2. Human societies will be severely affected by extreme climatic conditions such as droughts and floods. The situation of non-availability of food, shelter and safe drinking water will lead to the disaster of mankind.

(d) What are the major causes of deforestation in Northeast India?

Ans: Causes of deforestation in Northeast India:

a) Conversion from forest to agricultural land to meet the growing food needs.

b) Infrastructure development like roads, bridges, industries etc.

c) Encroachment by illegal immigrants.

d) Illegal extraction of forest products like timbers.

e) Increased population has led to increasing demand for fuel wood which is also acting as an important deforestation agent, particularly in dry forest.

f) Forest provides raw material for industry and it has exerted tremendous pressure on forest.

g) Urbanisation of forests for the settlement of increased population.

h) Fire in forests due to voidable and unavoidable reason.

i) Jhum cultivation which is considered as shifting cultivation.

i) Mining

(e) Write the role of students in disaster management.

Ans: Students are obligatory and highly sensitive part of the society. Today’s students are tomorrows citizen. So students can play a vital role in disaster management. Like:

1. During earthquake, one should take shelter under the hard frames of the doors, corner of the house, strong table/beds or in open spaces.

2. One should never take shelter under electric wire/posts, tall trees, water tanks, windows or furniture with glasses, kitchen, bathrooms.

3. The Almirah, rack and furniture in the bedrooms or living rooms should be fixed properly.

4. A bag containing of emergency items like drinking water, foods, first aids, whistle, torch lights should be kept near the main entrance of the house for use in an emergency situation.

5. Precautionary and prohibitionary measures imposed by the administration in such situations should strictly be followed.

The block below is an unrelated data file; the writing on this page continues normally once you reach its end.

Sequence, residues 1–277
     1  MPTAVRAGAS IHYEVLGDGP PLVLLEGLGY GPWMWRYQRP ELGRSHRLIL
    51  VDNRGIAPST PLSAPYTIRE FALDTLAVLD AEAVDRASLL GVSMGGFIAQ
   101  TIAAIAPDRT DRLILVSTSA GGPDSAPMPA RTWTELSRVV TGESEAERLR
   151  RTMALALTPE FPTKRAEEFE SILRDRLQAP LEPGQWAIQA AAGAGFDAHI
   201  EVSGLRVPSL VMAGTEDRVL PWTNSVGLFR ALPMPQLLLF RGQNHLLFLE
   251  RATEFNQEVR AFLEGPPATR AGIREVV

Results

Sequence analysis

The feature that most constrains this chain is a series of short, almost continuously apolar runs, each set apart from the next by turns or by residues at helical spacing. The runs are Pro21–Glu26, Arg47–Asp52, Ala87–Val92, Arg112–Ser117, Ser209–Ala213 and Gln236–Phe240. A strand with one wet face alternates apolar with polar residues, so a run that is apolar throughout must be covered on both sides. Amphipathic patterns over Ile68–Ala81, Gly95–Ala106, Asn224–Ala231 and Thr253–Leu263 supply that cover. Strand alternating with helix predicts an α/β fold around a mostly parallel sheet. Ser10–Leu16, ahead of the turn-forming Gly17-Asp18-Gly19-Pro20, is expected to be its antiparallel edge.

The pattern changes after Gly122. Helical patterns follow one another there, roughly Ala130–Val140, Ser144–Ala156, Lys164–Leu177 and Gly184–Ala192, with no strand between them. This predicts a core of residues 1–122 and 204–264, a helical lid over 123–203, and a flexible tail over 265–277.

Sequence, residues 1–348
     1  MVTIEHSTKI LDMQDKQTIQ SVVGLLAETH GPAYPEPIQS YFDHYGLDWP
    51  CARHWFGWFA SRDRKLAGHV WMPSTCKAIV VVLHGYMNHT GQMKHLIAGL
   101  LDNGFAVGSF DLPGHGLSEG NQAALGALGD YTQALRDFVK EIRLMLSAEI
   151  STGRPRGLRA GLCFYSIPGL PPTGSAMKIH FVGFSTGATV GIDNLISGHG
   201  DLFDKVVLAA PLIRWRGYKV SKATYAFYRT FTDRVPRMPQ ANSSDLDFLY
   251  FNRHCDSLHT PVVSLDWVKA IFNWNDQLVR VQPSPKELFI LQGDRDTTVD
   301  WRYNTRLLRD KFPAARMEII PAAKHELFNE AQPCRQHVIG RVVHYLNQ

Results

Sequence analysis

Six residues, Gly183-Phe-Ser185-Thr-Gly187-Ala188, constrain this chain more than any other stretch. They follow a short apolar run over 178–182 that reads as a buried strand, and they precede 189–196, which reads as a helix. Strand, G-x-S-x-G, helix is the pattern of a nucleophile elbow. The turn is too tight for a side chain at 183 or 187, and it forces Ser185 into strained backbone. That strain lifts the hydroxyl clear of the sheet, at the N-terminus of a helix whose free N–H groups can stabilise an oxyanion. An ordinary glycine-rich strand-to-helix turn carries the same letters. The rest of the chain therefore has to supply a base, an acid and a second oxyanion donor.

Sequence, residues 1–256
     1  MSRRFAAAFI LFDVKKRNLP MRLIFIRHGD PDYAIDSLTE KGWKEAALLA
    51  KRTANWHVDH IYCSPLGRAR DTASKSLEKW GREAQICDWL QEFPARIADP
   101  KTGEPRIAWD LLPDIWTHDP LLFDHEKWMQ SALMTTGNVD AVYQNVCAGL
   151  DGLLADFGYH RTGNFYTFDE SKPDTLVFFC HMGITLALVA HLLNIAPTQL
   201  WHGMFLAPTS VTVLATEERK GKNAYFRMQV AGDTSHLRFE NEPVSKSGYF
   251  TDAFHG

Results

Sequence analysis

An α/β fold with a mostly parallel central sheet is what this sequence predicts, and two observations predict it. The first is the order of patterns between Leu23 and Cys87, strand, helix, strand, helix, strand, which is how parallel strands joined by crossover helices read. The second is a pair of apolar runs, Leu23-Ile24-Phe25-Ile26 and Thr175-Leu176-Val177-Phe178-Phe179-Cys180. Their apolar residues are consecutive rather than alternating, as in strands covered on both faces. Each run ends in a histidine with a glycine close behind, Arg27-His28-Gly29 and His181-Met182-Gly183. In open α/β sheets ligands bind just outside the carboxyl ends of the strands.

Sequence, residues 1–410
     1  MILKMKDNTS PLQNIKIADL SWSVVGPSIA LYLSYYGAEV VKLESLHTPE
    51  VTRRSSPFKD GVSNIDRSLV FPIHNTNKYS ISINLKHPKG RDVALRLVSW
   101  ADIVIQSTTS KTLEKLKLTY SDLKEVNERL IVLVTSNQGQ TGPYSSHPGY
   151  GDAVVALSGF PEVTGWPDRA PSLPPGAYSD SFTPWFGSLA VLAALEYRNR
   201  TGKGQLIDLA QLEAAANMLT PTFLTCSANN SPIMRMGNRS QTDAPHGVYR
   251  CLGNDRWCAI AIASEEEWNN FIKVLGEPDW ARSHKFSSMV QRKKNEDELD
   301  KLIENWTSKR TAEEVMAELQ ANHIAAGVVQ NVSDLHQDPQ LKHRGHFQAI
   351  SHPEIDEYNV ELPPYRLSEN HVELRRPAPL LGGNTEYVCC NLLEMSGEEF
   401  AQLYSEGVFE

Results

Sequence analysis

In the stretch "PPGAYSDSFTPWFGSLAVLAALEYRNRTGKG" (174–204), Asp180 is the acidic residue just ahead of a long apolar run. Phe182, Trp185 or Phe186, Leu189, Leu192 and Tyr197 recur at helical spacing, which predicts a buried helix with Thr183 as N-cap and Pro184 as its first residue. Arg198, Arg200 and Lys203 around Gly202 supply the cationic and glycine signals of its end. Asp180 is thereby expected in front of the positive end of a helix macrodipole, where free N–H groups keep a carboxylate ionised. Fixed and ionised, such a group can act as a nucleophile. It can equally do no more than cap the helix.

(f) Write about the national conservation strategies.

Ans: There are two main methods of conservation – in-situ and ex-situ conservation.

1. In-situ conservation:

In-situ conservation refers to the conservation of ecosystems and natural habitats in which species live. It involves the protection and preservation of natural ecosystems, such as forests, wetlands, grasslands, and marine habitats, in their original habitats. Some methods of in-situ conservation are:

a) Protected Areas: Protected areas such as national parks, wildlife sanctuaries,and biosphere reserves are established to conserve the natural habitats and  biodiversity of a region.

b) Habitat restoration: Restoration of degraded ecosystems and habitats can help to conserve biodiversity.

c) Community-based conservation: Involving local communities in conservation activities can help to conserve biodiversity and promote sustainable use of natural resources.

d) Sustainable use of resources: Sustainable management and use of natural resources, such as forests, can help to conserve biodiversity.

2. Ex-situ conservation:

Ex-situ conservation refers to the conservation of biodiversity outside its natural habitats. It involves the conservation of species in areas such as zoos, botanical gardens, seed banks, and gene banks. Some methods of ex-situ conservation are:

a) Captive breeding: Captive breeding involves breeding endangered species in captivity to increase their population size.

b) Seed banks: Seed banks store seeds of endangered plant species for future use.

c) Gene banks: Gene banks store genetic material from endangered species for future use.

d) Botanical gardens: Botanical gardens conserve and propagate rare and endangered plant species.

Also Read: Environmental Education Solved Question Paper for AHSEC Class 11

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Environmental Education Solved Question Paper 2022